NEW BMW UR­BAN GS

BMW go back to their roots with an homage to the world’s orig­i­nal ad­ven­ture bike

Motorcycle News (UK) - - Front Page - By Jon Urry MCN CON­TRIB­U­TOR

With the cur­rent trend for air-cooled retro bikes, it was only go­ing to be a mat­ter of time un­til BMW dipped into their past and re­vived the iconic G/S name. The 1980s R80 G/S model saved BMW Mo­tor­rad from ex­tinc­tion, won the Dakar Rally and gave birth BMW’S most pop­u­lar fam­ily of mo­tor­cy­cles. So does this new G/S do it jus­tice, or is it just a pas­tiche?

When it comes to styling, you have to say the Ur­ban G/S is spot on. Be­decked in a mod­ern take on the le­gendary BMW Mo­tor­sport colours of the orig­i­nal ma­chine, it does look fan­tas­tic. Dig a lit­tle deeper and you soon re­alise that be­neath the cool new nose cowl and head­light shroud, dual mud­guards, flat­ter red seat and sin­gle pipe lies an un­touched Scram­bler model, but when it comes to kerb ap­peal, the Ur­ban G/S has it in spades. And shar­ing the bare bones of the Scram­bler is no bad thing at all as it’s a crack­ing base for a retro model with bags of spirit and that won­der­ful air-cooled boxer en­gine.

Fire the Ur­ban up and it sounds even bet­ter than the Scram­bler thanks to the same sin­gle pipe as the Pure rather than the Scram­bler’s twin high-level si­lencers. At tick­over it an­grily barks its in­tent, and when you get on the open road and give it some throt­tle the sound gets even more fe­ro­ciously thrilling. And when com­bined with the air-cooled boxer’s thump­ing drive and char­ac­ter­ful vi­bra­tions, it makes ev­ery ride an event. It’s cer­tainly nowhere near as re­fined as the bike the orig­i­nal G/S grew into, the wa­ter-cooled R1200GS, but for me the Ur­ban’s lack of re­fine­ment it its ma­jor sell­ing point.

A lit­tle added X ap­peal

The bike we tested is the X model, which takes the base Ur­ban G/S and adds spoked wheels, a chrome ex­haust, heated grips, LED in­di­ca­tors and the op­tion of on-road ori­en­tated Met­zeler Tourance tyres, or off-road Con­ti­nen­tal Twin­duros – all for an ex­tra £635. While the knob­bly Twin­duros cer­tainly make the bike vis­ually more rugged, they don’t of­fer the same grip or road re­fine­ment as the Tourances.

Un­less you’re con­sid­er­ing some light trail rid­ing (or are eas­ily in­flu­enced by fash­ion), I’d tick the on-road box

as the Ur­ban is a bike that can re­ally be en­joyed in the bends.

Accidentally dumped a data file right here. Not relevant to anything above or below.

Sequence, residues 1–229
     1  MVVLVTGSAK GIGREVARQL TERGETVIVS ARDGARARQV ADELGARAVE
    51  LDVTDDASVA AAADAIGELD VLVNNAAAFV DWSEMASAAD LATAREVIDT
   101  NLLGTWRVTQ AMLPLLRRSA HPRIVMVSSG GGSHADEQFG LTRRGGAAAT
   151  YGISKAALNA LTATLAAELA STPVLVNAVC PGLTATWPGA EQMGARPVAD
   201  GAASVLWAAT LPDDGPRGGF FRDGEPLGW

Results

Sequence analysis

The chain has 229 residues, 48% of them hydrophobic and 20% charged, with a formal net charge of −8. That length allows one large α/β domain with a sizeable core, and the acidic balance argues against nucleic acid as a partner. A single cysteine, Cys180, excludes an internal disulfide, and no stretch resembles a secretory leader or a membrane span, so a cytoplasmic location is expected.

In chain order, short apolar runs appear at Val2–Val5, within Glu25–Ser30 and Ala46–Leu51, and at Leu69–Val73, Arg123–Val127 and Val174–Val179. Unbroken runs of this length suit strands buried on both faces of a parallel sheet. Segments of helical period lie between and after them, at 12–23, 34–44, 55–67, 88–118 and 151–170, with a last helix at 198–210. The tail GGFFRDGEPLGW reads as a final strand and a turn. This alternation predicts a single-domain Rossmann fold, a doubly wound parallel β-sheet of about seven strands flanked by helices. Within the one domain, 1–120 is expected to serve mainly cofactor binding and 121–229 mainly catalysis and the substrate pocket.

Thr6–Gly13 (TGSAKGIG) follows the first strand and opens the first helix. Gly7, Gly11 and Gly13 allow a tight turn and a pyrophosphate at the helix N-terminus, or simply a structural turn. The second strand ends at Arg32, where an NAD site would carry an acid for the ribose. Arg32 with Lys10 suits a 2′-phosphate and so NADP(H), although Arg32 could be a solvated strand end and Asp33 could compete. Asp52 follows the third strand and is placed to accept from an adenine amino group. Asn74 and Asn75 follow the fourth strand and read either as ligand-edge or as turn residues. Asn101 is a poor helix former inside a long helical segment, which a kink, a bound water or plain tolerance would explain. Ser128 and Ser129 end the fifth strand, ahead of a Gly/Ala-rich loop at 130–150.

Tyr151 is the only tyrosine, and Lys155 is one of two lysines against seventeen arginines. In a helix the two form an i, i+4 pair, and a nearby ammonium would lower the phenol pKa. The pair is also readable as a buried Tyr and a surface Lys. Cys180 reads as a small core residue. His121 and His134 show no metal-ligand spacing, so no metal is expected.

De­spite their her­itage looks, the R ninet models never fail to im­press when it comes to han­dling and this lat­est model is no ex­cep­tion. With the same rolling chas­sis as the Scram­bler, it comes as no sur­prise it han­dles iden­ti­cally and that means loads of grins and more lean an­gle and cor­ner speed than you would rightly ex­pect from its styling. And this is all backed up with brakes that also de­liver thor­oughly mod­ern per­for­mance lev­els – and have ABS as stan­dard.

It’s no Dakar replica

But, fun as the Ur­ban G/S un­doubt­edly is, it cer­tainly isn’t the con­ti­nenteat­ing, all-round tour­ing per­former that the orig­i­nal R80G/S was.

In re­al­ity the Ur­ban’s small nose cowl does very lit­tle to de­flect any wind­blast and the seat is a touch on the firm side when com­pared to that of mod­ern GS models – but it’s hardly tor­ture.

You can also spec it up with trac­tion control (£310) and heated grips (£240), but not full hard lug­gage (there are some soft lug­gage op­tions) mak­ing this is very much a bike for shorter hops around the town or coun­try rather than trips to Dakar, which is ex­actly what I guess its tar­get au­di­ence will use it for. Bikes that look this good get used for pos­ing.

Bet­ter than the real thing?

But is that re­ally in the spirit of the orig­i­nal world-con­quer­ing Gelände/ Straße? Make no mis­take, the BMW Ur­ban G/S re­ally is lit­tle more than a Scram­bler with a few styling tweaks, some­thing that I feel could be an is­sue for BMW in the fu­ture.

With so many ver­sions of R ninet, BMW are in dan­ger of over-ex­pos­ing their retro fam­ily and di­lut­ing the brand as a re­sult. Re­mem­ber how sought af­ter the orig­i­nal R ninet was? With the Road­ster, Pure, Scram­bler, Racer and now Ur­ban G/S, this might no longer the case. And when you are com­mand­ing over £11,000 for an air­cooled retro, a mo­tor­cy­cle does need to be spe­cial to jus­tify its price tag.

That said, I love the clas­sic look of the Ur­ban G/S and it cer­tainly stands out more than the some­what muted Scram­bler – even if I reckon BMW have missed a trick by not giv­ing it chunky off-road pegs and brush guards as stan­dard. If the look also ap­peals to you, the Ur­ban G/S won’t dis­ap­point in terms of per­for­mance and spirit, but for me the best all-round model in the cur­rent R ninet range re­mains the Pure.

If you are look­ing at buy­ing an R ninet to ride and en­joy and are pre­pared to let styling take more of a back seat, try the Pure along­side the Ur­ban G/S be­fore you part with your cash. How­ever, if you are tempted by a Scram­bler, also test the Ur­ban G/S. It looks great and de­liv­ers dy­nam­i­cally.

‘All pre­vi­ous R ninet models im­press with their han­dling – and the G/S does as well’

Stylish, easy to ride and cool, new Ur­ban G/S is a win­ner BMW have en­sured the new bike’s face mim­ics the orig­i­nal’s Shock is de­cent qual­ity and soaks up UK’S road woes with ease

Off-road t yres will make it look even bet­ter, but it’ll han­dle worse...

Red seat might look retro-cool, but isn’t the most com­fort­able

Sur­pris­ingly loud for a le­gal pipe, the sound­track adds character

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